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A name carved in stone
Zlinka woke to the sound of the surf on sand, the background music of her childhood. She lay in the hammock, watching the palm fronds just beyond the open wall of the hut. The light was grey and soft. Soon, a single bird would sing, waking its fellows, and the raucous dawn chorus would begin. But for now, all was quiet.

Zlinka rolled out of her hammock and tiptoed past the cribs holding little Luna and tiny Zora. She walked down the hut's steps, past the firepit, and into the tangle of lush vegetation around the homesite. The hour before the children woke was precious time, a time of quiet reflection.

This was her island, her ancestral home. She had grown up here. Visiting as an adult was strange. The island was her own past, and it held her extended family, but it was no longer her home. Her home was elsewhere, with her own small family.

Pushing through undergrowth, she came to a clearing with a pile of stones in the middle: the ruins of an ancient building, built many centuries before. She had played here as a child. The trees were taller; the vines and leaves were thicker than she remembered. A few of the stones had been displaced. But otherwise it was the same.

She glimpsed a loaf-sized rock at the base of one of the great foundation stones and smiled as she flipped it over. Shaky letters, spelling “Z l i N k A” were carved into its underside. That had taken her a whole afternoon. The edges of the letters had softened with time. She replaced the rock gently.

Zlinka sat on a flat piece of sandstone. So many memories. This sandstone slab had been a dragon, a boat, a banquet table, a castle. That gap between two blocks had been a hiding place, a house, a stable. The crack over there had been a place to hide treasures: shiny pebbles, a blue feather, a perfect shell. Zlinka slid her hand into the crack. It was empty now.

Zlinka remembered returning to this pile of rubble as an adolescent. She remembered the wave of sadness she had felt. The stones had been... just stones. The dragons and castles were gone. Her childhood treasures, magical and precious, had become mere pebbles and drab feathers. She could not play here any longer; it was closed to her. She had known, then, that her way led outwards, into a scary and exciting world, towards bigger and grander things. The only way was forward, into the unknown.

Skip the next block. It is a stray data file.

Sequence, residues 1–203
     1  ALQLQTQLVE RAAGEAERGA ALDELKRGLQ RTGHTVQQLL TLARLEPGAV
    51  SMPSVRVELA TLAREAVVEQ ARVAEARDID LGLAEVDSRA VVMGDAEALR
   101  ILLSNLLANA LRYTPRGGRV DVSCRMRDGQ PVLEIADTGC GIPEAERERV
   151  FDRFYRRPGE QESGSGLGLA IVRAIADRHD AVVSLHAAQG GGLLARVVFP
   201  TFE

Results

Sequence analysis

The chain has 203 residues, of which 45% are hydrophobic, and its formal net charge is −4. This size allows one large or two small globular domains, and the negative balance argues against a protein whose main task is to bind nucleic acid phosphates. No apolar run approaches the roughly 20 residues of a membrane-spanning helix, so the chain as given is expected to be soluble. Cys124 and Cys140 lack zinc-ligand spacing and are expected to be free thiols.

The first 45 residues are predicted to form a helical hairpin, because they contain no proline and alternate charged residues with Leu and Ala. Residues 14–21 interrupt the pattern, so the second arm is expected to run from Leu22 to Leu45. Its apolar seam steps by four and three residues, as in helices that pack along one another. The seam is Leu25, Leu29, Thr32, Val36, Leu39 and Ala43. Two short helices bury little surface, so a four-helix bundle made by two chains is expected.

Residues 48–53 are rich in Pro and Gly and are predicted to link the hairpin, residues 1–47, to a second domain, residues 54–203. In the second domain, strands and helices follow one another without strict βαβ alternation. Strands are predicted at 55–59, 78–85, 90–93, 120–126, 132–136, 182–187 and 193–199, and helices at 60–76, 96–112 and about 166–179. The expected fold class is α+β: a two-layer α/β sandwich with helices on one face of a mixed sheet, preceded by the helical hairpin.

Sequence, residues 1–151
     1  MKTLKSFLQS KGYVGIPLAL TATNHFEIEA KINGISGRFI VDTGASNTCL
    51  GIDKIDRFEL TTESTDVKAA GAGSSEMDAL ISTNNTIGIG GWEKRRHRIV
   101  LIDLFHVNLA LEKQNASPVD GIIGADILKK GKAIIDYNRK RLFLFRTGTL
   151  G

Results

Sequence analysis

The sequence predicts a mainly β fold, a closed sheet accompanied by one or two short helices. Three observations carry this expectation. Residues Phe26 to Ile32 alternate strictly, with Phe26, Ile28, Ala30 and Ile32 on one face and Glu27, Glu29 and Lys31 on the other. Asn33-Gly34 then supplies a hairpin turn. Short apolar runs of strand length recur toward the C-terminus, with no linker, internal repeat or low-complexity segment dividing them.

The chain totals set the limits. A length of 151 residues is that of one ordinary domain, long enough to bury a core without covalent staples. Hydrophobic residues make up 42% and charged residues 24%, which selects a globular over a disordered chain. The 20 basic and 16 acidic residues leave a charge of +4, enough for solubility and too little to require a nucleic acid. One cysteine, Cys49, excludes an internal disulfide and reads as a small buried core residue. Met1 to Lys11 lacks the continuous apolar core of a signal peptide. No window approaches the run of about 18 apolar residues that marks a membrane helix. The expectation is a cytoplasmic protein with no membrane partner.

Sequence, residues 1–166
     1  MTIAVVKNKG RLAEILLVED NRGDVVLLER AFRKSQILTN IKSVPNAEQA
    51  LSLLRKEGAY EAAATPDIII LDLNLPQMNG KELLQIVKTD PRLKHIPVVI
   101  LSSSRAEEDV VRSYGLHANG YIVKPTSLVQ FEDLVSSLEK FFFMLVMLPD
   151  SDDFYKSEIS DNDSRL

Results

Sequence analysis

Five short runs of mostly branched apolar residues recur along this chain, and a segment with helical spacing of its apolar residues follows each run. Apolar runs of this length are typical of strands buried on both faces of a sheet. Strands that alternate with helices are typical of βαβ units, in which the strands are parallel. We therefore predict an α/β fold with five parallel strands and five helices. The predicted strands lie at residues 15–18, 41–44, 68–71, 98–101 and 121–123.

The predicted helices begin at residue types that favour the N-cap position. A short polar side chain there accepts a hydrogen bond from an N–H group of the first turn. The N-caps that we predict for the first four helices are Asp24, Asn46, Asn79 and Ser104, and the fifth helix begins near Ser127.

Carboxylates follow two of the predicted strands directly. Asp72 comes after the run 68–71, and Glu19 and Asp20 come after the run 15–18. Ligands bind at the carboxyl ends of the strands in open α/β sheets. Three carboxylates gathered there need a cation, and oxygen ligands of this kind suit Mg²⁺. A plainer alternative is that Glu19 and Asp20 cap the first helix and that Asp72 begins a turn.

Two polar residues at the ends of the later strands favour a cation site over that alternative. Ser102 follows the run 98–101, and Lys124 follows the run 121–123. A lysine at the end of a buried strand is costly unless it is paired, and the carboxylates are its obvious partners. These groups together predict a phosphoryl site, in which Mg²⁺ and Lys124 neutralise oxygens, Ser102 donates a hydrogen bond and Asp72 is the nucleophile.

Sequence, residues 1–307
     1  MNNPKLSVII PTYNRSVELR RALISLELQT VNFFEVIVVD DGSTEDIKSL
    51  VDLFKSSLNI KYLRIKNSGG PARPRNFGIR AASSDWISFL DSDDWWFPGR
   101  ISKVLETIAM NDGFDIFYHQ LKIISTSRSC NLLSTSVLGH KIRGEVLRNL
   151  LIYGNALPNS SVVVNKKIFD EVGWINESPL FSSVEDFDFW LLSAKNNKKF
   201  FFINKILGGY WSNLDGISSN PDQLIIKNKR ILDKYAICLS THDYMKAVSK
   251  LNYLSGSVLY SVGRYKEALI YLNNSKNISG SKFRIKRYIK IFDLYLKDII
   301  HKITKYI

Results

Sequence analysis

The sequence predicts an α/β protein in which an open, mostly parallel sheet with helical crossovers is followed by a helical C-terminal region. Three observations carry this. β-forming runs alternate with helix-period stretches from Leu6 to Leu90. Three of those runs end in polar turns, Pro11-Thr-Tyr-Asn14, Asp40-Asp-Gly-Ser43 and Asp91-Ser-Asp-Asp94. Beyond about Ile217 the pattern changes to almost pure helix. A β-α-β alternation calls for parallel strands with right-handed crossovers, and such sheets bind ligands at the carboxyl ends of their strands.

Zlinka heard tiny footsteps behind her. She turned, and saw little Luna, aged two and a half, peeking at her from the bushes.

"Mama!" Luna cried, "Mama sitting on rock! Luna sit on rock too!"

Returning to the present, Zlinka helped the small Tauren onto the slab of sandstone. Luna nearly burst with pride, her hooves dangling, her hands stroking the rough stone. "Mama sit rock! Luna sit rock! Everybody sit rock!" she announced.

Then Luna rolled to one side and peered at the rubble. She gasped, "A HOLE! Mama, a HOLE! See, HOLE!" She pointed eagerly at the little crack in the stone. "Luna put stones in there! Put stones in there right now!"

Luna slid down from the rock and started gathering up pebbles. She handed each one to Zlinka with the instructions, "Put in pocket! Then put in hole!" Zlinka followed her, enjoying the sunrise. Together they found little white pebbles, shiny black ones, and grey ones flecked with silver. Zlinka accepted the little treasures until her pockets overflowed. Then Luna led her to the broken stone and they fed the pebbles, one by one, into the crack. They rattled down to the bottom and Luna nearly burst with delight.

The sun was well up now, and Zlinka's stomach rumbled. Time to go back to the village for breakfast. She held Luna by the hand and took a last look at the pile of rubble.

I can go back, she thought, for a little while. When Luna and Zora grow up it will be closed to me again.

Until I take my grandchildren here.

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